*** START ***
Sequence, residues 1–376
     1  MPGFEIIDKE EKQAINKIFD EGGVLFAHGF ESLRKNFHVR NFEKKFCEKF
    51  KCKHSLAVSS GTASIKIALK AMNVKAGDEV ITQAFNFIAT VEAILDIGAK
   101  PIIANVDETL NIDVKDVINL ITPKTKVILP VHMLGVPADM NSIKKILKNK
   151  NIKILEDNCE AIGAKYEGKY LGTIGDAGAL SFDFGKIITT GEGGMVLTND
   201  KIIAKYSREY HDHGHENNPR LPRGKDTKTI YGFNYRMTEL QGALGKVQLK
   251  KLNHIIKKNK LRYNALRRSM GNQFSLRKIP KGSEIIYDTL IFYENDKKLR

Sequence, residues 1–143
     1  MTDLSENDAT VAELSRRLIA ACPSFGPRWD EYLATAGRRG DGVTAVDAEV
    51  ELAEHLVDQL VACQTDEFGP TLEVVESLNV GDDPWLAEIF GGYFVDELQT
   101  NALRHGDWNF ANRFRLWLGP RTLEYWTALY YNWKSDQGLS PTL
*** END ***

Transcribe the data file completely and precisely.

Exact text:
Sequence, residues 1–376
     1  MPGFEIIDKE EKQAINKIFD EGGVLFAHGF ESLRKNFHVR NFEKKFCEKF
    51  KCKHSLAVSS GTASIKIALK AMNVKAGDEV ITQAFNFIAT VEAILDIGAK
   101  PIIANVDETL NIDVKDVINL ITPKTKVILP VHMLGVPADM NSIKKILKNK
   151  NIKILEDNCE AIGAKYEGKY LGTIGDAGAL SFDFGKIITT GEGGMVLTND
   201  KIIAKYSREY HDHGHENNPR LPRGKDTKTI YGFNYRMTEL QGALGKVQLK
   251  KLNHIIKKNK LRYNALRRSM GNQFSLRKIP KGSEIIYDTL IFYENDKKLR

Sequence, residues 1–143
     1  MTDLSENDAT VAELSRRLIA ACPSFGPRWD EYLATAGRRG DGVTAVDAEV
    51  ELAEHLVDQL VACQTDEFGP TLEVVESLNV GDDPWLAEIF GGYFVDELQT
   101  NALRHGDWNF ANRFRLWLGP RTLEYWTALY YNWKSDQGLS PTL